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ARS Home » Northeast Area » Beltsville, Maryland (BARC) » Beltsville Agricultural Research Center » Hydrology and Remote Sensing Laboratory » Research » Publications at this Location » Publication #347466

Research Project: Integrating Remote Sensing, Measurements and Modeling for Multi-Scale Assessment of Water Availability, Use, and Quality in Agroecosystems

Location: Hydrology and Remote Sensing Laboratory

Title: A 3-step framework for understanding the efficiency of surface soil moisture data assimilation for improving large-scale runoff prediction

item Crow, Wade

Submitted to: Journal of Hydrometeorology
Publication Type: Peer Reviewed Journal
Publication Acceptance Date: 10/1/2018
Publication Date: 1/18/2019
Citation: Mayo, Y., Crow, W.T., Nijsseen, B. 2019. A 3-step framework for understanding the efficiency of surface soil moisture data assimilation for improving large-scale runoff prediction. Journal of Hydrometeorology. 20:79–97.

Interpretive Summary: Data assimilation is a powerful tool for constraining dynamic models using geophysical observations. It can potentially be applied to integrate satellite-based soil moisture observations into hydrologic models to produce the best-possible stream flow forecast for an agricultural basin. However, efforts to realize this potential have been hampered by large variations in the success of data assimilation when applied to different hydrologic models. This paper reviews this problem and describes a new technique to isolate specific features of a hydrologic model which determine whether the model can be improved via the assimilation of soil moisture observations. Understanding these features is critical for maximizing the benefit of satellite-based soil moisture observations for hydrologic forecasting. Therefore, the approach outlined in this paper will eventually be used by operational hydrologic modelers to improve the accuracy of their stream flow forecasts.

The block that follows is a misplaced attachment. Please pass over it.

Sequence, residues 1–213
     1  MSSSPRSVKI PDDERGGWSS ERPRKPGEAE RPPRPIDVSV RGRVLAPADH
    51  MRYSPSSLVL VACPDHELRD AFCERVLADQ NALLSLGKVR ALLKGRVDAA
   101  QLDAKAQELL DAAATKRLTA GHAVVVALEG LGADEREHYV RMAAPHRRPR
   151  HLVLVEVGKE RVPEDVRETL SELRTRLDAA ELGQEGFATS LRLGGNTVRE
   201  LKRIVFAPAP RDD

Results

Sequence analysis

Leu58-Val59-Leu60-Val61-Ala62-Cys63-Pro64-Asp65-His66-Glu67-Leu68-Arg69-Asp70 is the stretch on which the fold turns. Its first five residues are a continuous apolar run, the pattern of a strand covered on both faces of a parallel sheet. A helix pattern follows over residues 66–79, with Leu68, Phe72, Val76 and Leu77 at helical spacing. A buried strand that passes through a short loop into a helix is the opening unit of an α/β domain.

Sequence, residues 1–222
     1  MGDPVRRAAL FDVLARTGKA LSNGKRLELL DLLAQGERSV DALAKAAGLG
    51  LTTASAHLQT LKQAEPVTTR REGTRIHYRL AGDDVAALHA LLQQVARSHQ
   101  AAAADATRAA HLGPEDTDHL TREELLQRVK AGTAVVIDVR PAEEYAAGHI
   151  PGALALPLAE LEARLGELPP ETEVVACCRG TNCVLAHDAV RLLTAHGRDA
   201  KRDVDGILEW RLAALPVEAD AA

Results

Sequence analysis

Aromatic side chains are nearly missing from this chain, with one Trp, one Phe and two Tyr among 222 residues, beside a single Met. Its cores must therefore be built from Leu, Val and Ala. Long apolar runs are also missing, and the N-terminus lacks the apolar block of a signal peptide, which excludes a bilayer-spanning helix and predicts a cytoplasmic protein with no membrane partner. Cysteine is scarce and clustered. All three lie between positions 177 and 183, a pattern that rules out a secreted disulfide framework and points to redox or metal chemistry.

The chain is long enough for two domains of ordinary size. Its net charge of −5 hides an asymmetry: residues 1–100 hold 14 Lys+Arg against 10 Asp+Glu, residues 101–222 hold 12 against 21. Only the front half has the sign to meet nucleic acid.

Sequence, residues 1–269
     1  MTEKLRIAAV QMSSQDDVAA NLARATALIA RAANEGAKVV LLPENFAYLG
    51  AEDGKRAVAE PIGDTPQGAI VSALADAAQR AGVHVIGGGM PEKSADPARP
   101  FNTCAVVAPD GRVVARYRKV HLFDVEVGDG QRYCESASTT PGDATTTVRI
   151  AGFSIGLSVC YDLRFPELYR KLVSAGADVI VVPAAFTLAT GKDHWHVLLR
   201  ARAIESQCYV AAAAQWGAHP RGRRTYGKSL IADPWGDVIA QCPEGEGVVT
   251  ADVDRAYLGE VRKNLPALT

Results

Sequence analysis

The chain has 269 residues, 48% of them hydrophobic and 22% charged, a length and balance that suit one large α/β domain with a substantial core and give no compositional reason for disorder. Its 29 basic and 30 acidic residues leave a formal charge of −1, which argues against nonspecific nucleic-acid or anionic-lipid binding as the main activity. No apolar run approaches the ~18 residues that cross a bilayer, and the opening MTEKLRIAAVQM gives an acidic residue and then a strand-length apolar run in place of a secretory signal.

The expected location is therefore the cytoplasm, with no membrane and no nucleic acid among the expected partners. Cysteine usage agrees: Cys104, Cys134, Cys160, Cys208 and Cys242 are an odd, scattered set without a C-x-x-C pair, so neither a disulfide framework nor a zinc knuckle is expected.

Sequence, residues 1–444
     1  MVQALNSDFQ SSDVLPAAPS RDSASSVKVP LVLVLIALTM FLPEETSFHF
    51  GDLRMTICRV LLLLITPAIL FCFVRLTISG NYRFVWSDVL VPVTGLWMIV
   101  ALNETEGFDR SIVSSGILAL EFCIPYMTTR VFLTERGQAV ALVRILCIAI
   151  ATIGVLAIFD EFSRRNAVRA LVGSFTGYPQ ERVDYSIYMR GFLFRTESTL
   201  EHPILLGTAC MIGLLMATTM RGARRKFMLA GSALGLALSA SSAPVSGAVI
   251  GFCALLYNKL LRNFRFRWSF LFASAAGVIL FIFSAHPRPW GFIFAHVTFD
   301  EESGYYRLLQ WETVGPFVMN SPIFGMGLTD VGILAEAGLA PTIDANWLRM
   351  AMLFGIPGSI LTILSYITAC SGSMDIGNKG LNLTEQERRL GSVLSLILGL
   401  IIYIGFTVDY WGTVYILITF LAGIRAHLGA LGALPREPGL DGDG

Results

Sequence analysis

Technical Abstract: Data assimilation (DA) techniques have been widely used to assimilate soil moisture (SM) measurements into hydrologic models to improve runoff predictions. Past studies typically treated the assimilation procedure as a black box, which makes it difficult to understand why a particular DA procedure improved or failed to improve runoff predictions. Here we propose a framework that decomposes the surface SM DA procedure into three steps: 1) improvement of surface SM state via surface SM assimilation; 2) improvement of deeper-layer SM states via surface SM assimilation; 3) improvement of runoff via improved multi-layer SM states. The first two steps are evaluated by a synthetic twin experiment that examines various antecedent SM state correction via DA. The third step is evaluated by a set of synthetic perfect-state runs where error-free antecedent states are given to the hydrologic model to evaluate the maximum achievable runoff improvement. The framework allows the diagnosis of bottlenecks in a DA system that may inhibit runoff improvement. As a case study, the 3-step framework is successfully applied to the Arkansas-Red River basin using the Variable Infiltration Capacity (VIC) hydrologic model. We conclude that in this application both surface and deeper-layer SM states are effectively corrected via surface SM DA. The runoff prediction is moderately improved, which is mainly attributed to the strong control of deeper-layer SM states on slow-response runoff while the contribution of surface SM update on runoff improvement is limited.